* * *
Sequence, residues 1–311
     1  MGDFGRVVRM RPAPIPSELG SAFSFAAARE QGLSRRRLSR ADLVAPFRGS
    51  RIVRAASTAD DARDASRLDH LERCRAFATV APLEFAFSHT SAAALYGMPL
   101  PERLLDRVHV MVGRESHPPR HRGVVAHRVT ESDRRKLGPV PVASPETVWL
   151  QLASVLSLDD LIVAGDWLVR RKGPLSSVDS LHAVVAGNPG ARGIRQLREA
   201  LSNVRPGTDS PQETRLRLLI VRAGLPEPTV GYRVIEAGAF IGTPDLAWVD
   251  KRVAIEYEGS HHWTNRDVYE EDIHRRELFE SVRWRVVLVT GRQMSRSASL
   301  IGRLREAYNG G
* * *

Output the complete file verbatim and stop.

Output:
Sequence, residues 1–311
     1  MGDFGRVVRM RPAPIPSELG SAFSFAAARE QGLSRRRLSR ADLVAPFRGS
    51  RIVRAASTAD DARDASRLDH LERCRAFATV APLEFAFSHT SAAALYGMPL
   101  PERLLDRVHV MVGRESHPPR HRGVVAHRVT ESDRRKLGPV PVASPETVWL
   151  QLASVLSLDD LIVAGDWLVR RKGPLSSVDS LHAVVAGNPG ARGIRQLREA
   201  LSNVRPGTDS PQETRLRLLI VRAGLPEPTV GYRVIEAGAF IGTPDLAWVD
   251  KRVAIEYEGS HHWTNRDVYE EDIHRRELFE SVRWRVVLVT GRQMSRSASL
   301  IGRLREAYNG G